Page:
127. In 1635, 3,000 immigrants arrived at Boston, among whom was Henry Vane, a young man of distinction, who was soon elected governor. During his term of office, the colony was again troubled by religious dissensions. Ann Hutchinson, who hesitated not to censure the Puritan clergy and to teach doctrines even more objectionable in their eyes than those of Roger Williams, won over to her opinions a number of the settlers, among whom was Governor Vane himself. It was only after serious difficulties that peace was restored by Mrs. Hutchinson's banishment. Many of her followers left the colony with her, and settled on Aquiday [ak'-we-da] (the isle of peace) in Narragansett Bay (see Map, p. 84], which they bought from the Indians and called the Isle of Rhodes. Vane returned to England. To prevent these troubles from recurring, a law was passed in the colony forbidding any person to enter it without a permit from the magistrates.
trines led. What sentence was pronounced upon him by the authorities? How did he avoid it? For fourteen weeks what was he obliged to do? By whom was he received? What was the origin of the first settlement in Rhode Island ? By whom was Williams joined ? What was the supreme law of the colony ? 127. In 1636, how was the Massachusetts Bay colony augmented ? During Vane's term of office, how and by whom was the colony troubled? Who was numbered among Mrs. Hutchinson's converts ? What became of Mrs. Hutchinson? [See Map, p. 84.-What promontory is north of the Isle of Rhodes?] What law was soon after
SETTLEMENT OF NEW HAMPSHIRE.
In 1639, Newport was founded on the southern part of the island, near stone tower. This curious structure, twenty-four feet high, was evidently of great antiquity, but the Indians could give no information respecting its origin.
The same principles that prevailed at Providence were carried out in the Rhode Island colony, though at first they were independent of each other. was not till 1644 that they received a charter, and were united under the name of the Rhode Island and Providence Plantations.
128. In 1622, Sir Ferdinand Gorges [gor'-jez] and John Mason obtained a grant of land extending from the St. Lawrence to the Kennebec and Merrimac, and named the tract Laconia. Two fishing colonies were soon established at Portsmouth and Dover. In 1629, Exeter was founded, and the name of the colony was changed to NEW HAMPSHIRE. Trading-posts were established at various points on the coast, but they were mostly unimportant.
129. In 1641, the feeble settlements of New Hampshire asked to be received into the colony of Massachusetts Bay. Their request was granted, and the union continued till 1680, when they were separated by the king, and again made an independent province under the name of New Hampshire.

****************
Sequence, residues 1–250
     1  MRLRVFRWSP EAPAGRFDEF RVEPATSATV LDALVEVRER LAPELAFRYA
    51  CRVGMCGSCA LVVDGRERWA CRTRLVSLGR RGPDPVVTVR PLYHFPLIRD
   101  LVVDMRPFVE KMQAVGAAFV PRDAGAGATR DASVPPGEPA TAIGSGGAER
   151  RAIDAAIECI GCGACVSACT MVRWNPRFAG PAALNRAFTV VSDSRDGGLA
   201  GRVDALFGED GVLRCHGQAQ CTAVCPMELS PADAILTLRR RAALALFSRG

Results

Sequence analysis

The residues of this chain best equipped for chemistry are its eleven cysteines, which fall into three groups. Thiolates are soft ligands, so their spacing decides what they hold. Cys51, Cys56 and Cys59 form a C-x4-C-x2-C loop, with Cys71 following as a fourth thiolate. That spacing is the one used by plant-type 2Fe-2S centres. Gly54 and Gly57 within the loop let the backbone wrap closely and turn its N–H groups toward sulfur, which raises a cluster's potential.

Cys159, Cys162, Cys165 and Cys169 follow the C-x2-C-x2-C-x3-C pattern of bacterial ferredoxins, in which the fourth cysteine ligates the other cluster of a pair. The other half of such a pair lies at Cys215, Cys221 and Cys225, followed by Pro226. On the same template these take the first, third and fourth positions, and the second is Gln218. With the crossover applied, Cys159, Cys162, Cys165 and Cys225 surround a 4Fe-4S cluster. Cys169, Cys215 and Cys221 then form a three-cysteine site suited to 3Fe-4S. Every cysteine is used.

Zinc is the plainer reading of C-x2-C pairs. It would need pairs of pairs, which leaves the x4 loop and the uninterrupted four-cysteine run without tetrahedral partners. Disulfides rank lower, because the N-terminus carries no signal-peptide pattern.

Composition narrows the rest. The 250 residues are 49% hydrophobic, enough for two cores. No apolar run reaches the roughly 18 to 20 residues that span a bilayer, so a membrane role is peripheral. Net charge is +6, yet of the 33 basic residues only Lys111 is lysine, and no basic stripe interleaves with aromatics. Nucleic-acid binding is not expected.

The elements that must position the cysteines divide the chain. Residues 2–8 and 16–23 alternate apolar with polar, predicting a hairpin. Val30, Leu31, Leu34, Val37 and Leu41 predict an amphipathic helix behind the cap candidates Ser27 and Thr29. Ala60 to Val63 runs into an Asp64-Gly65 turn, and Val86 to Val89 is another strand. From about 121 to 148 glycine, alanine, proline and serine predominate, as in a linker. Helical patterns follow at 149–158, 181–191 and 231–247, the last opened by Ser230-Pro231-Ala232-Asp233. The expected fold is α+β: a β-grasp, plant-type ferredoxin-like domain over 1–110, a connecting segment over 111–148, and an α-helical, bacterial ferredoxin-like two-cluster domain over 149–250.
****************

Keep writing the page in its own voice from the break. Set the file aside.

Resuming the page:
passed ? In 1639, what place was founded? What object of interest is near it ? What principles prevailed in the colony of Rhode Island ? When, and under what name, were the Providence and Rhode Island colonies united ? 128. Give the history of the first settlements in New Hampshire. 129. What was their subsequent history?
SETTLEMENT OF CONNECTICUT.—PEQUOD WAR. 130. THE Connecticut, so called from its Indian name, which means long river, was discovered in 1614 by the Dutch. They established a trading-post near the place where Hartford now stands, and for a time enjoyed undisputed possession of the country. At length, reports of the fruitfulness and beauty of this inviting region reached England; and in 1630 it was granted to the Earl of Warwick [wör'-rik], who transferred it to Lord Say-and-Seal and Lord Brooke. In their honor the name of Saybrook was given to a fort erected at the mouth of the river in 1635. [See Map, p. 91.]
131. Meanwhile, settlements had been made from both of the Massachusetts colonies. The Dutch had tried to prevent the first comers from sailing up the Connecticut, but without
In the autumn of 1635, a company from Massachusetts Bay made the journey by land; but when they arrived the river was frozen, their cattle perished, and they were reduced to the greatest extremities for food. Another party started from Boston the following summer. Traversing the wilderness with the aid of the compass and driving their cattle before them, they finally reached the site of Hartford, and settled on lands bought from the Indians.
132. Difficulties with the natives soon arose. The Pequods, a warlike tribe east of the Connecticut, regarded the whites with distrust; and the latter, apprehensive of attack, only waited for an opportunity to inflict such vengeance on the savages as would forever prevent their aggressions.
130. When and by whom was the Connecticut discovered? What is the meaning of the name? Where did the Dutch settle? Who soon heard of this fruitful region? To whom was it granted, and transferred? Where and when was Saybrook built ? [See Map, p. 91.-On which side of the Connecticut is Saybrook! Near what other water is it? On which bank of the Connecticut is Hartford ? What Indians lived just east of the Connecticut ? What tribe lived on the banks of the Thames ?] 131. Whom did the Dutch soon find settling in the valley of the Connecticut ? What took place in 1635? What, the following summer? 132. With whom did difficulties arise ? In what did they originate? How did